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10th of Tevet: 5 Facts

Translation by Yehoshua Siskin

Today is the 10th of Tevet and here are 5 important facts regarding this day:

  1. The fast on the 10th of Tevet commemorates the beginning of the siege of Jerusalem. One morning our fathers’ fathers woke up to discover that soldiers of Nebuchadnezzer, the Babylonian king, had surrounded the walls of the city. The year was 588 before the common era. It’s hardly less than astonishing that we have remember and memorialize this date up until today.
  2. Residents of Jerusalem felt that the Holy Temple would never be destroyed, that their sovereignty here was eternal. The prophet Yermiyahu (Jeremiah) tried to persuade the people to adhere to the code of behavior prescribed for those dwelling in the Land of Israel, but they did not heed his words. The fast is a reminder that our security here depends on our behavior.
  3. But wait a minute. The walls of Jerusalem were not breached on this day. The Holy Temple still stood. Destruction came later. However, the fast was set according to today’s date because it was on this day that the first sign of a coming catastrophe was visible. Still, there was time to change course and repair what needed to be fixed. The fast reminds us how important it is to notice the first cracks in our walls, to identify the beginnings of potential destruction – both on a national and personal level, and to nip impending disaster in the bud.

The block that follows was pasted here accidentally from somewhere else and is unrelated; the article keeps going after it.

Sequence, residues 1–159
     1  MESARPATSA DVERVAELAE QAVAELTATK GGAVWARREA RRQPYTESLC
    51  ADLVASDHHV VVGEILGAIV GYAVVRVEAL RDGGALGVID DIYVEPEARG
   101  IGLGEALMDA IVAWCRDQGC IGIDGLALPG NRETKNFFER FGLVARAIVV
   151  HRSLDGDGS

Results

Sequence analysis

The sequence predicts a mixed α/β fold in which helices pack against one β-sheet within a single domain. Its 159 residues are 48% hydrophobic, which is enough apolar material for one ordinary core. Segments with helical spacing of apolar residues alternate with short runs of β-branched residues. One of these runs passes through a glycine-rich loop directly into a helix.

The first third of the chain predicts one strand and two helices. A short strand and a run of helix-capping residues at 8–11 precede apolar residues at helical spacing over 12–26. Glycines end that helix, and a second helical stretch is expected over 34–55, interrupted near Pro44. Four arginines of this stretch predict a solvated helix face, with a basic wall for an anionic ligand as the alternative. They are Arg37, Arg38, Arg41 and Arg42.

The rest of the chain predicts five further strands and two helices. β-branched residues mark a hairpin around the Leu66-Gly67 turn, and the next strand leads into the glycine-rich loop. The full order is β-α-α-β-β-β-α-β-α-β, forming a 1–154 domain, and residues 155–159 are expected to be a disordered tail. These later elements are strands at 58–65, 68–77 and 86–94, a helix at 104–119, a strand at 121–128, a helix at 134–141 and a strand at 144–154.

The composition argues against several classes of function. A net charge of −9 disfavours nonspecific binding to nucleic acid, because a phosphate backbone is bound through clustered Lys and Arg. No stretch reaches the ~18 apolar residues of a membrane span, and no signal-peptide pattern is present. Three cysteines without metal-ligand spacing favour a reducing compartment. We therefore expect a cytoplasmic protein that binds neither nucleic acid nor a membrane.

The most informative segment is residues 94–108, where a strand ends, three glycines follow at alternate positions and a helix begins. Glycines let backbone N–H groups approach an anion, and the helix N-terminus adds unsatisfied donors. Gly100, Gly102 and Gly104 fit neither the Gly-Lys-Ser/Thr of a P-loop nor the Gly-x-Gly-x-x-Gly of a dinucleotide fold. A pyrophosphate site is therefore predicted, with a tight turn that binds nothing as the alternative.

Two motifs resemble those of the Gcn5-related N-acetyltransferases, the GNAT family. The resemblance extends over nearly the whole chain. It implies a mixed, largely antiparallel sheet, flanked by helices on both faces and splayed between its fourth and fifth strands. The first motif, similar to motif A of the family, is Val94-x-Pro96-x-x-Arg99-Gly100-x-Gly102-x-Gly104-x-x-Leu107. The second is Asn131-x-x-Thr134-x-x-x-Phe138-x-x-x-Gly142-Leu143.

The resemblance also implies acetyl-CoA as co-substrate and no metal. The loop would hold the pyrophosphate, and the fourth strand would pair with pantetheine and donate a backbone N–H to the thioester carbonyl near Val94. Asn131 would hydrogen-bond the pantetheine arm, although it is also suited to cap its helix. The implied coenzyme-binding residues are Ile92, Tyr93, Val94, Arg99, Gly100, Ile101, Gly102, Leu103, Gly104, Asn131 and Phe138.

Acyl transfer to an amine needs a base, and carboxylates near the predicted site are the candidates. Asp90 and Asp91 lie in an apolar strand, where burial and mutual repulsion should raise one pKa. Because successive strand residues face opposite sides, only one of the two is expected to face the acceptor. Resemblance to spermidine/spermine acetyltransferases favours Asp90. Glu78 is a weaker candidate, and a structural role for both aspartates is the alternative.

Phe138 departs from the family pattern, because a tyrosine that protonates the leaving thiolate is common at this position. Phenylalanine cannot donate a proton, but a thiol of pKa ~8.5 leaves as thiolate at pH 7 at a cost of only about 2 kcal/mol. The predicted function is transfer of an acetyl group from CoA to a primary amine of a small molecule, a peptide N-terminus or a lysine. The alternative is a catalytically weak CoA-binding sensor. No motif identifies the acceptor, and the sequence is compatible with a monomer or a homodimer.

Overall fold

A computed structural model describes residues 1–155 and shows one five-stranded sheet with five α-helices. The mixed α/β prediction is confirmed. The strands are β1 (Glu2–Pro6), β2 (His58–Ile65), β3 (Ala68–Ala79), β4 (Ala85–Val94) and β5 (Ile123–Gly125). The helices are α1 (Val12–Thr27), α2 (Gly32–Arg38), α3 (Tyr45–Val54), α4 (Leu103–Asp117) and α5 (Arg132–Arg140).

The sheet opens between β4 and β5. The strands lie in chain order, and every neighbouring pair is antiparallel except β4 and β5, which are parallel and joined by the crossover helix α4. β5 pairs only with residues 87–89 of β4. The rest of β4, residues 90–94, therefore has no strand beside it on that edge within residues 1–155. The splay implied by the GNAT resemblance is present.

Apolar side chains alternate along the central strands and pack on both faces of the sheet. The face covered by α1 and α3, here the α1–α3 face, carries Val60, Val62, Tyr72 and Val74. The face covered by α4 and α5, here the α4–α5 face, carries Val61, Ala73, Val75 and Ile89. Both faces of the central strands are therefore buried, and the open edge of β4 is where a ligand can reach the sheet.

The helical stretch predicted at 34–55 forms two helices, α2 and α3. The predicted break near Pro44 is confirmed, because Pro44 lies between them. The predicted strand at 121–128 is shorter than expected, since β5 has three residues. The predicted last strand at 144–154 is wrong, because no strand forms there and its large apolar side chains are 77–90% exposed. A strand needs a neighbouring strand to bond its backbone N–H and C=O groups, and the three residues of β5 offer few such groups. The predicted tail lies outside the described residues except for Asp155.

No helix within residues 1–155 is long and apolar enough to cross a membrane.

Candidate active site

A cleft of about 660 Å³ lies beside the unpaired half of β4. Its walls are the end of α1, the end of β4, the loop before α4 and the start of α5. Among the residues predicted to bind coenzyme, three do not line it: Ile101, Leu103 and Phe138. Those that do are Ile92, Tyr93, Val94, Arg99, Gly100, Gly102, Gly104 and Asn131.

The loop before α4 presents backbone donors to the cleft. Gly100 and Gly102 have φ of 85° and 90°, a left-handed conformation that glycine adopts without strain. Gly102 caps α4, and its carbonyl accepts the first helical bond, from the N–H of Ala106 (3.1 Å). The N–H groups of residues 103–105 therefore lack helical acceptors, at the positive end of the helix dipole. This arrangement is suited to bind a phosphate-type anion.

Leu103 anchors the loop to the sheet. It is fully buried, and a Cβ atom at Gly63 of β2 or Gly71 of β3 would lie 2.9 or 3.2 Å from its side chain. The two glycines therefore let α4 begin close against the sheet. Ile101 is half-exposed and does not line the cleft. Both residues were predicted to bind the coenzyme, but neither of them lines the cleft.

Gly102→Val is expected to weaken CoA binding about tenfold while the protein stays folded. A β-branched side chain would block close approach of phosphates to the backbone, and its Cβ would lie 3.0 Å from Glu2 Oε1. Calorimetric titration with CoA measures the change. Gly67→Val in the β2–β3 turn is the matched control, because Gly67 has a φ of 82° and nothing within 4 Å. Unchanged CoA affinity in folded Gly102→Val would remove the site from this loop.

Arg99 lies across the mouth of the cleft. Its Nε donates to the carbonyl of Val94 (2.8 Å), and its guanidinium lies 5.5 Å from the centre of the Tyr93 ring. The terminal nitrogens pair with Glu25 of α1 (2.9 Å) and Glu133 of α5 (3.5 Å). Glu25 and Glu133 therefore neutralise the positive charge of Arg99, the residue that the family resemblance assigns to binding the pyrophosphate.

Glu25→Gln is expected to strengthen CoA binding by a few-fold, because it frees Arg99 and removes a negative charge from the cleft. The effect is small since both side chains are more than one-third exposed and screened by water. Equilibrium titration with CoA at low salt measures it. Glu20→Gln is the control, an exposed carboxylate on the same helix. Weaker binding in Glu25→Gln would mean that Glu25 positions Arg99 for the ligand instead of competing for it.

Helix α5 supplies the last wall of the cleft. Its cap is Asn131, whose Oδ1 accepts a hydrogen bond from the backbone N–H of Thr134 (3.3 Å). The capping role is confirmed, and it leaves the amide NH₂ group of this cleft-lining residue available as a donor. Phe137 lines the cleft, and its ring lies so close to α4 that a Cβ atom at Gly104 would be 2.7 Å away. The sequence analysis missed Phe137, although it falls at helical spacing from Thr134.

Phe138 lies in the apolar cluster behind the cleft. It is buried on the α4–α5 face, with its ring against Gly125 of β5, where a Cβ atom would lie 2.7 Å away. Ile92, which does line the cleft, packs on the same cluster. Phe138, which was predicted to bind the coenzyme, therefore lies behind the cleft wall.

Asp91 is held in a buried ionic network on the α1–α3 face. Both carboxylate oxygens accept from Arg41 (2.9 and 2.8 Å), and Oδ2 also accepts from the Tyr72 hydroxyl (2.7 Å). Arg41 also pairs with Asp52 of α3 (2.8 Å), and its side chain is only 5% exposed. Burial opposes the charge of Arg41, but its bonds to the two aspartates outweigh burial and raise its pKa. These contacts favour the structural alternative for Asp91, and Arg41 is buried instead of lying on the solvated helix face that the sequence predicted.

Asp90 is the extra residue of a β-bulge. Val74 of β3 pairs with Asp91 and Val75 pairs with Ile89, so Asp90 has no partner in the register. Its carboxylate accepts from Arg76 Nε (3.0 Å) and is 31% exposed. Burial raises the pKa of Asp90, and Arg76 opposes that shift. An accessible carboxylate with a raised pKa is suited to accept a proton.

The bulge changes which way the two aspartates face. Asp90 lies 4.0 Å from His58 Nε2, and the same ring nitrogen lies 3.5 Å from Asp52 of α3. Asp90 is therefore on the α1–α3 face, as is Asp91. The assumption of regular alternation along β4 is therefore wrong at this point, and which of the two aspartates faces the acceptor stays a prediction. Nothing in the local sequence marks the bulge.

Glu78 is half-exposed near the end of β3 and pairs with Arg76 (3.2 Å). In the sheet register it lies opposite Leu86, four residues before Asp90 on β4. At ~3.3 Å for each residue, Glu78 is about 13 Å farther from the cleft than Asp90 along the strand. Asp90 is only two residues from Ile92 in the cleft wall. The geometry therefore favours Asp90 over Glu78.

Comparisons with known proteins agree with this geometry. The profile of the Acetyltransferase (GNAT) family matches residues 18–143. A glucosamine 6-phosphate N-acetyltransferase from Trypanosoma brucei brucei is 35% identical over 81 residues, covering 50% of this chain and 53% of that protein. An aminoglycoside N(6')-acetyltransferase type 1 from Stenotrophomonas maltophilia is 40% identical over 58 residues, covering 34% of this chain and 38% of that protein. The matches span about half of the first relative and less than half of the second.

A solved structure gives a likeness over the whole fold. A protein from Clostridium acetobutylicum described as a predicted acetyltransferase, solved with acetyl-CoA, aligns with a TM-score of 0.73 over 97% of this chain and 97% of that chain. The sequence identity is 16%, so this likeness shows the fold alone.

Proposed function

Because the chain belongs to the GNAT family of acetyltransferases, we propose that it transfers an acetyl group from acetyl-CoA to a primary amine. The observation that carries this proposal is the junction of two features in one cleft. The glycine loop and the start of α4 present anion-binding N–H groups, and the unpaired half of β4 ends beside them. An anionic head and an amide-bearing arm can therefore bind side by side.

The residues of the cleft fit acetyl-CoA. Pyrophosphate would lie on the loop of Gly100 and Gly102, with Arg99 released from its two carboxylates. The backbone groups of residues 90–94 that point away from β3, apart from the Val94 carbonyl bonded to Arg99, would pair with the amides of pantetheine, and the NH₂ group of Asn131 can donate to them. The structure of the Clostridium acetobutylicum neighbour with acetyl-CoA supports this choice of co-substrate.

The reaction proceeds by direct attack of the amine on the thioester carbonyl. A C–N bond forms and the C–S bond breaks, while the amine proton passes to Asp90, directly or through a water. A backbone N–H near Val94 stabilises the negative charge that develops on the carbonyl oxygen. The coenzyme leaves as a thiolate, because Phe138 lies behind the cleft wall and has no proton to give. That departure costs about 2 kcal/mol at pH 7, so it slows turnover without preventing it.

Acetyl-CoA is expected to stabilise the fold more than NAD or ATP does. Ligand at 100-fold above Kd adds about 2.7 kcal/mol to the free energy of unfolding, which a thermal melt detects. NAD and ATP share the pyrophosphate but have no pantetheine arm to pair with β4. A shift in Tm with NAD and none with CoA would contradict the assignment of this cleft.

4. After the founding of the state, it was decided to mark today’s date as “Yom HaKaddish HaKlali” (All-Inclusive Day of Kaddish), in memory of those who perished in the Holocaust on unknown dates. Many survivors discovered that there was no record of when their relatives died so they did not know when to say kaddish for them, to light a memorial candle, or on which day to learn Torah in dedication to their memories in order to assist in their souls' ascent in the upper worlds. If you have such relatives, this date, especially, is the day to remember them.
  5. This year the 10th of Tevet arrives 100 days after Rosh HaShana. It’s an opportunity for soul searching, for meditating on where we were and where we are going, on the goals we set for ourselves 100 days ago and where we are now, 100 days later.


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